Wednesday, January 12, 2011


(November 1995, U.S.)

You know what the worst part about CASINO is? It's that it's the last time the powerful chesmistry of Martin Scorsese and Robert DeNiro has graced the screen, and so far there are no indications of that magic repeating itself any time soon. It would seem that DeNiro has been replaced lately be DeCaprio (is that some sort of last name prefix coincidence or am I crazy?).

Now that I've vented that minor frustration, let's talk about what a great crime drama CASINO is! It's Las Vegas in the 1970s and the time seems just right for total gangster control of the casinos, the city and the politicians that are supposedly running the show. DeNiro as Sam Rothstein, a Jewish-American top gambling handicapper, is called on by the Mob to oversee the day-to-day operations at the fictional Tangiers casino. And who better to be his "partner in crime" than Joe Pesci (for the third time) as Nicky Santoro. Nicky is...well, to put it bluntly, a complete and total psychotic! As Sam narrates, Nicky is the type of guy who..."No matter how big a guy might be, Nicky would take him on. You beat Nicky with fists, he comes back with a bat. You beat him with a knife, he comes back with a gun. And if you beat him with a gun, you better kill him, because he'll keep comin' back and back until one of you is dead." Not convinced? Well, as Nicky warns his banker, "I think in all fairness, I should explain to you exactly what it is that I do. For instance tomorrow morning I'll get up nice and early, take a walk down over to the bank and... walk in and see and, uh....if you don't have my money for me, I'll crack your fuckin' head wide-open in front of everybody in the bank. And just about the time that I'm comin' out of jail, hopefully, you'll be coming out of your coma. And guess what? I'll split your fuckin' head open again. 'Cause I'm fuckin' stupid. I don't give a fuck about jail. That's my business. That's what I do." That pretty much sums him all up, doesn't it? On the other hand, Nicky is not a man completely without a soft spot when it comes to his "job". Just look closely at the scene where he enters an elerly woman's kitchen and puts a bullet into her head - he then takes her head very gently and positions it comfortably, as if to evoke an ounce of decency and sympathy for his victim and not cause her any further suffering in the wake of her bloody execution. I wonder what any half-witted shrink would say about that one?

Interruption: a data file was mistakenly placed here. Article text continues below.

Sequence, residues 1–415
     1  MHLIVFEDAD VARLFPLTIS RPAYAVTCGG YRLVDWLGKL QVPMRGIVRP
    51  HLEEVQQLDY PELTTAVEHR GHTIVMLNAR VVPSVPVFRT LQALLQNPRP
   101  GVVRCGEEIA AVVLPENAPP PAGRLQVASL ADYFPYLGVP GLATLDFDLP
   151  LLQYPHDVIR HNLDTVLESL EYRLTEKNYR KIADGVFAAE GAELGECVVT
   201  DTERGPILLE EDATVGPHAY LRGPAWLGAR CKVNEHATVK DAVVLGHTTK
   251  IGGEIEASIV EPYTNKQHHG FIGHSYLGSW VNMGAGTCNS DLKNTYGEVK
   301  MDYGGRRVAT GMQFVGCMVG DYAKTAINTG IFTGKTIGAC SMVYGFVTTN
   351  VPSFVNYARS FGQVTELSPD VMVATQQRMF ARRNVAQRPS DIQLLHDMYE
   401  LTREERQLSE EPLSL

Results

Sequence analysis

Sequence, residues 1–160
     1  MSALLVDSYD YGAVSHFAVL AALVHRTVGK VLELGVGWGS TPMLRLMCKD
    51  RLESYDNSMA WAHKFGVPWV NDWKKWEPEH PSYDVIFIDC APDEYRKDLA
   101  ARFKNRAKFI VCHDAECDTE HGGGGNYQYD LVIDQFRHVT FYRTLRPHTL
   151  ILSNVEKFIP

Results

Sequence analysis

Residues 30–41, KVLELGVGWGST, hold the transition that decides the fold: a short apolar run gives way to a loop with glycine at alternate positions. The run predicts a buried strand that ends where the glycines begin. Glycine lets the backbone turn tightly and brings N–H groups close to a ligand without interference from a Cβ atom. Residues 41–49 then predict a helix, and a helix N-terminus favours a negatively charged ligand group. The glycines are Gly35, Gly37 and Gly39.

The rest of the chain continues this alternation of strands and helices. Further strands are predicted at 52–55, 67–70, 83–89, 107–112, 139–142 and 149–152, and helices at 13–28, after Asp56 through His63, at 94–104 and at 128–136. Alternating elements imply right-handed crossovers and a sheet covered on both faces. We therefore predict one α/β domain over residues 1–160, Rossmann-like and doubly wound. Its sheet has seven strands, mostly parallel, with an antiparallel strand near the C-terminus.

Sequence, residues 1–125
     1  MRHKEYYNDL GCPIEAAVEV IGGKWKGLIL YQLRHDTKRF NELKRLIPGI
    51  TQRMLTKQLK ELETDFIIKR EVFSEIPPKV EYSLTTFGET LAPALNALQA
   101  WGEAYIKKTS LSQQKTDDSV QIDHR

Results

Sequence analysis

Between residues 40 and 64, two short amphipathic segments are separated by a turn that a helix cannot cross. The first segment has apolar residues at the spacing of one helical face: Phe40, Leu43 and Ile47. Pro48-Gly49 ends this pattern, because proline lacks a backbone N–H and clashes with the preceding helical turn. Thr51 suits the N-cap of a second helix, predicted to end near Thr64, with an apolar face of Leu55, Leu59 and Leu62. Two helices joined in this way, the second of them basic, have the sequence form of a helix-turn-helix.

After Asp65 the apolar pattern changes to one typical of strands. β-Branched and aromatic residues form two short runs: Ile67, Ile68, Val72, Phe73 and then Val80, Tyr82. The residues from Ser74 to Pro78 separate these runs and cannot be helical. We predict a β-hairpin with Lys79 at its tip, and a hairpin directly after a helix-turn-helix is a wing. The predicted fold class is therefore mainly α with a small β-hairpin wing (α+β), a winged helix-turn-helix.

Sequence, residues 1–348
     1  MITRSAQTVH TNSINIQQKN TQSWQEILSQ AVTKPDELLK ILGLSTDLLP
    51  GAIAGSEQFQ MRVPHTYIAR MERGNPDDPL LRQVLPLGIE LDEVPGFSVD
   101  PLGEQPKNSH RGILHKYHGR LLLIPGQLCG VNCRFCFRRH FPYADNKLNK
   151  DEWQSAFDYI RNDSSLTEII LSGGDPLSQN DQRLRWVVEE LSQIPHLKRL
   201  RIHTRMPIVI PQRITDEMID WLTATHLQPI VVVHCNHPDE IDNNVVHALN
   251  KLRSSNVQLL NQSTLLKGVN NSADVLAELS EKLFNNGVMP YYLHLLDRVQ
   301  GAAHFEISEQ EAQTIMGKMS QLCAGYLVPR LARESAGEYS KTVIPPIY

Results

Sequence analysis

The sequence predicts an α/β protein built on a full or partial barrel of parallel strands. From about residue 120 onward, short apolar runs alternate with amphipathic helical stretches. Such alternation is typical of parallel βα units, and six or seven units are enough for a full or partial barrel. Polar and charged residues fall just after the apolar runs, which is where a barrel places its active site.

CASINO is exactly the type of crime film you'd expect from the director of MEAN STREETS (1973) and GOODFELLAS (1995), complete with the wonderfully-cliche colorful mafia characters, their mafia fashion statements (who the fuck dresses Sam Rothstein in this film??), in-depth character narration, endless profanity (when released, CASINO had the most uses of the word "fuck" (422 times!) in a feature length film. And I thought BLUE VELVET had pushed the limit on that one!), background rock music and yes, even Scorsese's own mother making her traditional cameo appearance. But let's focus on the narration and the music for a moment. The narration, as one would expect, does more than further tell the story. It takes you deep inside the world we're being shown and makes you a real part of it. You not only fully aware of what's happening, but there's no question as to what the players are feeling, even if they're mostly feelings of hate and violence. Some so-called screenplay experts have stated that narration in any film is a sure sign for script failure. Failure?? If I had the time, I could list countless great films that feature extensive narration, CASINO and GOODFELLES just being two of them. Now there's also the music. Scorsese's use of rock music is not just simple background scrore, but it takes on a character of it's own. The songs seems to come at just the right moment of action and before you know it, the Rolling Stones "Can't You Hear Me Knocking" and the Animal's "House of the Rising Sun" are taking you deeper into a film you've already fell pretty deep into. And hey, where else can you hear not one, but TWO songs by Devo in one film (okay, that's actually NOT a good thing!)?

By the way, I should also point out that Sharon Stone doesn't disappoint in a character of highly sexual energy (she acts well, too). Keeps a hot-blooded man's fantasies alive and least up until the point where her character has become nothing more than an irrational, fucked-up coke addict.

Favorite line or dialogue:

Sam Rothstein (voice-over): "In Vegas, everybody's gotta watch everybody else. Since the players are looking to beat the casino, the dealers are watching the players. The box men are watching the dealers. The floor men are watching the box men. The pit bosses are watching the floor men. The shift bosses are watching the pit bosses. The casino manager is watching the shift bosses. I'm watching the casino manager. And the eye-in-the-sky is watching us all."

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